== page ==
The following blog is excerpted from In Good Company: Vault’s CSR Blog.
How do job seekers and business school graduates view the rising awareness around concepts like triple bottom line, corporate responsibility, and ethical management? I conducted a series of interviews with four MBA candidates whose focus in graduate school is on corporate social responsibility (CSR): Ashley Jablow, Geetanjali Singh, Whit Tice and Larry Furman. (See below for more about each of the students.)
None of the graduates started business school with CSR in mind: Ashley Jablow’s background is in nonprofit fund raising [Editor’s note: you may remember Ashley from our 2010 Conference, which she blogged and tweeted about]; Geetanjali Singh worked in technical training and communication; Whit Tice specialized in project management and quality testing; Larry Furman spent almost three decades in IT and database administration.
For each of the four, the motivation for attending business school stemmed from a recognition that they needed to expand their skill sets. But what prioritized their focus toward CSR was the realization that its core principles were the necessary bridge between civic and corporate good. As Jablow put it, “My initial thoughts were in the direction of corporate philanthropy. It was really through all the core classes and business training I realized that CSR is an incredible opportunity for there to be alignment between business, community and environmental goals—that there really are opportunities to create those win-wins, where a business can be about making money and be a good corporate citizen.”
2008′s spectacular collapse of revered Wall Street institutions like Lehman Brothers helped underscore their interest. Both Singh and Jablow noticed that conversations inside and outside the classroom were increasingly veering toward questions of ethical mismanagement, risky and unsustainable behavior, and short-term decision making, often leading to lengthy debates on responsible business practices. Many times, these extended to self-doubt and asking themselves what this meant for their personal career objectives. As they watched the financial industry get drastically reshaped, students like Tice refocused their career trajectory to align with personal priorities.
For Geet Singh, the transition from mere interest in CSR to core career focus was enhanced by the essay-writing pre-admission process. Much like Jablow, for Singh it made the perfect link between corporate and social. “My work with Cisco had allowed me some insight into their exemplary corporate responsibility initiatives and I decided to talk about social entrepreneurship in my essays. My niche became helping companies do CSR as well as helping the community who needs it the most and becoming that link between corporate and social.”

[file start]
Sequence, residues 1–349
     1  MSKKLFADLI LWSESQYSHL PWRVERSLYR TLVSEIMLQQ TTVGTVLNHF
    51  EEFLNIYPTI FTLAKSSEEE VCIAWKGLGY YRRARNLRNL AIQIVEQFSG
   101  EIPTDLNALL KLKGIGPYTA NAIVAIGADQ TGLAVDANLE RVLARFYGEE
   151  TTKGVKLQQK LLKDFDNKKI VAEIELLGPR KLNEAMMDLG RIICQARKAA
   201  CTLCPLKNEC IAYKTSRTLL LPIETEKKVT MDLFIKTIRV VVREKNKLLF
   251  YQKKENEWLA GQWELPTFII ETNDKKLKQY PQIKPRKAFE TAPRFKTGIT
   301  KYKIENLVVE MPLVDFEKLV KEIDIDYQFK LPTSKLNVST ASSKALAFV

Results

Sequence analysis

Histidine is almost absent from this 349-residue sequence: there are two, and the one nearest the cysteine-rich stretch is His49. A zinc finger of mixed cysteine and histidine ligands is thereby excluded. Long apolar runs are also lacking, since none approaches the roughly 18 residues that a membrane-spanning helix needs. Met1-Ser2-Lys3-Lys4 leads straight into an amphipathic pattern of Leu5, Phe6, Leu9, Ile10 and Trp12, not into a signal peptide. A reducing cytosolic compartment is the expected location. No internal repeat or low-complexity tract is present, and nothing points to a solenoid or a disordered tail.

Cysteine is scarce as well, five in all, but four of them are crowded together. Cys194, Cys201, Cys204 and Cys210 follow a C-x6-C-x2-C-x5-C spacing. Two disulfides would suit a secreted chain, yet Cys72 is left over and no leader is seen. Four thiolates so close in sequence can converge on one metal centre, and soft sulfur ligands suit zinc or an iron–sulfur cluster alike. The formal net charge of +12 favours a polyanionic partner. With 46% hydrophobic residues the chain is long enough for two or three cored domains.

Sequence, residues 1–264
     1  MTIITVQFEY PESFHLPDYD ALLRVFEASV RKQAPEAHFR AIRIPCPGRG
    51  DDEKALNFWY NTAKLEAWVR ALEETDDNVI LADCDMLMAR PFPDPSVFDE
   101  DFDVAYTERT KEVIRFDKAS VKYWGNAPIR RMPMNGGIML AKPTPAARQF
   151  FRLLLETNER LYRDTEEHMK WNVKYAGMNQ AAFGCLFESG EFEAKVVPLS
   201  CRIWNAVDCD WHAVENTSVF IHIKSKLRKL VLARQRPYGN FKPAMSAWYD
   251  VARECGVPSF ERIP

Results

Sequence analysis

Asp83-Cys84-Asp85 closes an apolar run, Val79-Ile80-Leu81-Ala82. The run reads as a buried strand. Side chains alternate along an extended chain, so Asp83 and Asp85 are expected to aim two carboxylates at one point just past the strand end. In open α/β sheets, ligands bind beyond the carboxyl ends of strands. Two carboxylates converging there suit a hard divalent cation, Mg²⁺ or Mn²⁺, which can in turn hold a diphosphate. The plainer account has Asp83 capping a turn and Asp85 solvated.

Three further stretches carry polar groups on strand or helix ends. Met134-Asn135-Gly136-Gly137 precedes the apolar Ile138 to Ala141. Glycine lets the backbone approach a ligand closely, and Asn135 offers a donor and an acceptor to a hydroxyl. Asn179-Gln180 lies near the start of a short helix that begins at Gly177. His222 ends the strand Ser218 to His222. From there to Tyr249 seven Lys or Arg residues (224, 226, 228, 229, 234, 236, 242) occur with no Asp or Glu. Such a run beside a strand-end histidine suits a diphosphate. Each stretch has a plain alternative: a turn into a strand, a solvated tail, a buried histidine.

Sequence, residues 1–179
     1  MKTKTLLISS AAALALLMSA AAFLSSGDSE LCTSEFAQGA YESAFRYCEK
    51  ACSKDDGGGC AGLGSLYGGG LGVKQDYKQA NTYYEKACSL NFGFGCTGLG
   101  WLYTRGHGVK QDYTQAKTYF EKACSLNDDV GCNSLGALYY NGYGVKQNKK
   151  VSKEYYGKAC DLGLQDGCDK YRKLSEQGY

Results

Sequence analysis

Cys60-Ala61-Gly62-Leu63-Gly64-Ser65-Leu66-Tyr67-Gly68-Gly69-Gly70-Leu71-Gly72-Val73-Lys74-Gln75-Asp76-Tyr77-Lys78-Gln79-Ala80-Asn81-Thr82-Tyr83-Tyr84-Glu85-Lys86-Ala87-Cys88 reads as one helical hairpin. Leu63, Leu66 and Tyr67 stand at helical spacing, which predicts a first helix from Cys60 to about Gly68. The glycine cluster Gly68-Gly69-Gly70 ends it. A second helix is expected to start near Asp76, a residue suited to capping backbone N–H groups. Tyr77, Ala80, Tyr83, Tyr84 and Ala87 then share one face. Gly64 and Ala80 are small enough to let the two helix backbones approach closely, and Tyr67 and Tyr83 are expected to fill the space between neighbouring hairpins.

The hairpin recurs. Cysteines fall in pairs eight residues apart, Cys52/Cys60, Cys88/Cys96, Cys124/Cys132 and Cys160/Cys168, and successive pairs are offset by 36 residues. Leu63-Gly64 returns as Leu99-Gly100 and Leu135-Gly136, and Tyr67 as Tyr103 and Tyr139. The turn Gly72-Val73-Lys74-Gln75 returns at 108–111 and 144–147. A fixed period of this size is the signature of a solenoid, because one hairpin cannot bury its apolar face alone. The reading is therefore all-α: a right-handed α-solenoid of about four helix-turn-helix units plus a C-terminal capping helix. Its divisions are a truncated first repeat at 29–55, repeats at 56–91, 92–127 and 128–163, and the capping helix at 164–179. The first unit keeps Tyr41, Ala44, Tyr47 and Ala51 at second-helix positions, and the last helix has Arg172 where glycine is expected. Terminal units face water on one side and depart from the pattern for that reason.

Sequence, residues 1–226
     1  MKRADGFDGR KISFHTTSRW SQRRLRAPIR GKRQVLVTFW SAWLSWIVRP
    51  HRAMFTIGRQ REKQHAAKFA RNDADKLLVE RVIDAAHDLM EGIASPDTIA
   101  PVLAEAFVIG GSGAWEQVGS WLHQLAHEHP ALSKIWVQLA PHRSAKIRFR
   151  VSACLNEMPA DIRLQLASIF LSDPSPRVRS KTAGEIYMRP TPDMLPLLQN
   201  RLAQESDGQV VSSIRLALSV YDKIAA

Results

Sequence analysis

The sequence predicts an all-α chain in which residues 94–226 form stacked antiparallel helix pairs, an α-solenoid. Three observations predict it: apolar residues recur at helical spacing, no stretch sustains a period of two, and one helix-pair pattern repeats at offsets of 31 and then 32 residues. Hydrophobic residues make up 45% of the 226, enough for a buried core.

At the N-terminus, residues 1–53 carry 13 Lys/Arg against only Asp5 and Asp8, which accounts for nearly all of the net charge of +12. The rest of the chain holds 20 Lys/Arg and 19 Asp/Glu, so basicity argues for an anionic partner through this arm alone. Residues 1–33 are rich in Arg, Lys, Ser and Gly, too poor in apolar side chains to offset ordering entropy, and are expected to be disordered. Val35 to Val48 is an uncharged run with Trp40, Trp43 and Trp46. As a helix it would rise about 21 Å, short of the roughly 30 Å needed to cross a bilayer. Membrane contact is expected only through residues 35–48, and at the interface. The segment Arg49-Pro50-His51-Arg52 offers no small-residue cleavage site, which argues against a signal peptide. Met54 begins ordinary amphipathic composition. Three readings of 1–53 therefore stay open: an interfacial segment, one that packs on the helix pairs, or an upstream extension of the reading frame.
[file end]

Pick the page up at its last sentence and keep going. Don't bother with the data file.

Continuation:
Tice, with a few more years of work experience under his belt than Jablow and Singh, connects corporate responsibility with his penchant for systems thinking. He explained: “While you may understand the three Ps, it’s what happens next that is important. This comes about by taking different facets of organizational life and applying a wider range of thinking that goes beyond questioning ‘Should I use paper cups instead of Styrofoam cups because that’s bad for the environment?‘ to ‘Are we going to create more waste with these paper cups? Will the transportation costs and emissions that the paper cups require to get here actually be more waste or harm to the environment than, say, using the Styrofoam cups?‘”
In the end, he said, it’s simply about a shift from simple thinking to complex and long-term thinking because of a realization that the tradeoffs are not usually simple and transparent.
*Ashley Jablow graduated from Boston University’s School of Management with an MBA in CSR Marketing, Communications and Strategy in May, 2010. She is actively engaged in discussing CSR through Twitter and her blog, The Changebase. Currently, she is looking for a fulltime job in corporate responsibility in the San Francisco area.
Geetanjali ‘Geet’ Singh graduated in June 2010 from University of California-Irvine’s Paul Merage School of Business with a concentration on CSR, general management and strategy. Formerly from Mumbai, India, Singh is currently looking for a corporate responsibility job in Orange County, California and hopes that Silicon Valley will wake up to the business value in CSR. Connect with her on Twitter.
Whit Tice graduated with an MBA from Case Western’s Weatherhead School of Management in 2008 and decided to back it up with a Master’s in Positive Organizational Development and Change, also from Case Western, which he completed in 2009. Whit is currently with consulting firm Logic 20/20, where he is a Change Management Senior Consultant, and continues to discuss systems thinking and organizational development through his blog, The Organizational Strategist.
Larry Furman is a Sustainability Consultant and currently pursuing an MBA in managing for sustainability from Marlboro College. He is a member of the program’s first graduating class and is looking forward to combining his experience in IT with his passion for sustainable energy and green solutions.